- Align your optimization program with goals that are important for your business
- Quickly build a goal tree using our templates, based on industry verticals
- Decide where to focus your optimization efforts
When you build an optimization strategy for your company, you will first align your program’s testing efforts to your company goals. Without a strategic guide, you run the risk of building unfocused or inefficient tests that consume time and resources without producing results. How do you ensure that your tests will make a real difference? Where should you focus your efforts?
We recommend that you start by focusing your testing program on achieving quick wins with impactful tests that affect the bottom line. A goal tree can help you meet this challenge.
A goal tree is a map of the metrics that are critical to your company’s success. The discovery process for creating a goal tree helps you translate business metrics into concrete optimization goals.
As you can see in the hypothetical example above, each goal breaks down into a set of smaller goals. For example, to reach its revenue goal of $2.0M, this company estimates it has to hit two other goals first—getting 2 million site visitors and generating an average of $1 of revenue from each. Those two metrics in turn depend on reaching several other, more granular goals. Top-level metrics roll directly into smaller KPIs for which you optimize.
You might also like our Optimizely Academy course, Align Experimentation to Your Business.
A goal tree helps you:
decide where to focus your optimization efforts
break down broad organizational imperatives into bite-sized tests
find multiple avenues to generate impact through optimization
optimize for smaller KPIs and understand how these impact your business goals
help stakeholders grasp the value of your optimization efforts in a language they understand
You only need to build a goal tree once, but you will consult it multiple times throughout the iterative optimization cycle. You use it to judge the impact of each potential campaign or experiment when prioritizing your backlog or building your roadmap. You might consult it when designing specific tests. You should also examine it when analyzing your results to consider the impact on key performance indicators (KPIs). Use the goals in your tree to identify other departments that care about the same metrics; these departments may be able to offer additional resources and support for your program. You can also use the tree to communicate optimization goals and gains to an executive sponsor.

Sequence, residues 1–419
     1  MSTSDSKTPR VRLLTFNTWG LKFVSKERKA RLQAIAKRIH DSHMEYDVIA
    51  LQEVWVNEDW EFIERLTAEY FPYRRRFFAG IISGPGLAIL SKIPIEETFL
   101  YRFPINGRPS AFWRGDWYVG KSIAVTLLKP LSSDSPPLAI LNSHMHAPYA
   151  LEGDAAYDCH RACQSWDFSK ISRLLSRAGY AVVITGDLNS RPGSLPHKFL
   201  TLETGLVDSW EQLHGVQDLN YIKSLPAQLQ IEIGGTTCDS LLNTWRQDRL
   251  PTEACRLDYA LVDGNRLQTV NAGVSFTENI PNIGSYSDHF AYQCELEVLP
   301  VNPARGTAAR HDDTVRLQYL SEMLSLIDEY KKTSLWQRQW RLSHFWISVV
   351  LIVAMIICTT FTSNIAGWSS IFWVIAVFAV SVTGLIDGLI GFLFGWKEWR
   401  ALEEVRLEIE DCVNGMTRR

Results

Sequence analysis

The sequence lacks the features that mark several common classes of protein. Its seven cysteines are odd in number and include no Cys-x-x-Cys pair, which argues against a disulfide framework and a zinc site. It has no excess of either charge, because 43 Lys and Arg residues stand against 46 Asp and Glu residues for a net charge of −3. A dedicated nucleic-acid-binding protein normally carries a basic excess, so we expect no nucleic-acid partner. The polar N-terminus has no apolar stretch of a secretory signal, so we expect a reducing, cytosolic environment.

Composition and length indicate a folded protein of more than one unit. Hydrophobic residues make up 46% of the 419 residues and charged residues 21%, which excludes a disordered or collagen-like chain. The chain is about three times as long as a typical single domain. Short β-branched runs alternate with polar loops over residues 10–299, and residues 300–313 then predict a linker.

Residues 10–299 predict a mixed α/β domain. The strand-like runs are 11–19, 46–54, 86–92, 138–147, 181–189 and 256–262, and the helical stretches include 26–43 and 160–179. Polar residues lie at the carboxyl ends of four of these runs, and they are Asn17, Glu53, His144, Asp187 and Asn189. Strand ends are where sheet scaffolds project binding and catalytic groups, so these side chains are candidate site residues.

The optimization program manager should be responsible for updating the goal tree if your company’s business model changes. Team members who focus on A/B testing strategy and analysis should also work closely with this document.
Materials to prepare
- Company-wide and business-unit key performance indicators
- Benchmark performance metrics: conversion rates, RPV, LTV, AOV
- Leading indicator metrics: test velocity, efficiency, quality, agility
- Program budget
People and resources
- Program manager
- Team leads (technical, design, analytics)
- Executive sponsorship
Actions you will perform
- Benchmark KPIs and baseline modeling
- Goal trees exercise
- Align with stakeholders on optimization program goals
- Revenue tree or similar outline of hierarchy of goals
- ROI Models
- Many organizations have an internal debate about the most important metrics, but it is important to focus on the right top-line goals
- Leading indicators are important to test, but often poorly understood and under-tested
- This article is a part of the Optimization Methodology series.
Building a goal tree
Ready to create your own goal tree? Download a goal creation workbook. Choose the template for your industry vertical:
- Goal tree template: Ecommerce and Retail (.pptx)
- Goal tree template: Subscription-based Model (.pptx)
- Goal tree template: Media and Publishing (.pptx)
- Goal tree template: B2B and Lead Generation
Modify the template by asking yourself:
How does my company generate revenue?
How does each metric break down into smaller metrics?
Remember that each category of the tree branches into smaller categories that should equal the original in value.
Using a goal tree
We recommend you focus your testing efforts on the KPIs at the bottom of the tree. These metrics—like average order quantity —are opportunities to optimize for profitability. Moreover, focusing on smaller pieces rather than the top metric can help you raise the win rate since experiments are faster to run and more likely to reach statistical significance. The lift you generate rolls directly to the metric at the top.
It is a good idea to combine your goal tree research with data from your analytics platform. This can help you figure out where to optimize for the biggest impact.
Imagine that the KPI you are targeting is the average order quantity.
Maybe your analytics tell you that certain products are purchased in larger quantities: non-perishable pet food are purchased in greater quantities than expensive televisions, for example. You may want to test a strategy that promotes those products, by offering a discount on pet food bundles or suggesting certain purchase quantities on the checkout page.
If you see an improvement that confirms your hypothesis, consider leveraging this insight through personalization. On your landing page, display a banner that suggests that visitors will build up a winter stock of pet food; show this banner to visitors who have browsed pet food in the past. Match your site experience to SEM campaigns that promote high-value pet food brands. Create humorous pet food campaigns for younger audiences and value-oriented messaging for discount shoppers.
Goal trees focus your optimization strategy on concrete metrics, so your team’s efforts to design and manage campaigns and experiments make an impact.